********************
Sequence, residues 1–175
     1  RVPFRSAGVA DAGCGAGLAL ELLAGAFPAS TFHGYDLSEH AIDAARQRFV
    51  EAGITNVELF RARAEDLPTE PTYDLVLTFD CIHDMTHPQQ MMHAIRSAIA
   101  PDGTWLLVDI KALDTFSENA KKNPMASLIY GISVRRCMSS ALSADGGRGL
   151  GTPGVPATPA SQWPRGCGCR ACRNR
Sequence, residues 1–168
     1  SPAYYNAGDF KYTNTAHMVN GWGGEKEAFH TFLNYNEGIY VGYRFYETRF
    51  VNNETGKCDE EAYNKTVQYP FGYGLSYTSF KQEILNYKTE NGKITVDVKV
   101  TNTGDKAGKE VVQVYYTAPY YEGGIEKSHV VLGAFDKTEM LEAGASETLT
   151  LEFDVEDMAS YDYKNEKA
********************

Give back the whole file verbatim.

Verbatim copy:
Sequence, residues 1–175
     1  RVPFRSAGVA DAGCGAGLAL ELLAGAFPAS TFHGYDLSEH AIDAARQRFV
    51  EAGITNVELF RARAEDLPTE PTYDLVLTFD CIHDMTHPQQ MMHAIRSAIA
   101  PDGTWLLVDI KALDTFSENA KKNPMASLIY GISVRRCMSS ALSADGGRGL
   151  GTPGVPATPA SQWPRGCGCR ACRNR
Sequence, residues 1–168
     1  SPAYYNAGDF KYTNTAHMVN GWGGEKEAFH TFLNYNEGIY VGYRFYETRF
    51  VNNETGKCDE EAYNKTVQYP FGYGLSYTSF KQEILNYKTE NGKITVDVKV
   101  TNTGDKAGKE VVQVYYTAPY YEGGIEKSHV VLGAFDKTEM LEAGASETLT
   151  LEFDVEDMAS YDYKNEKA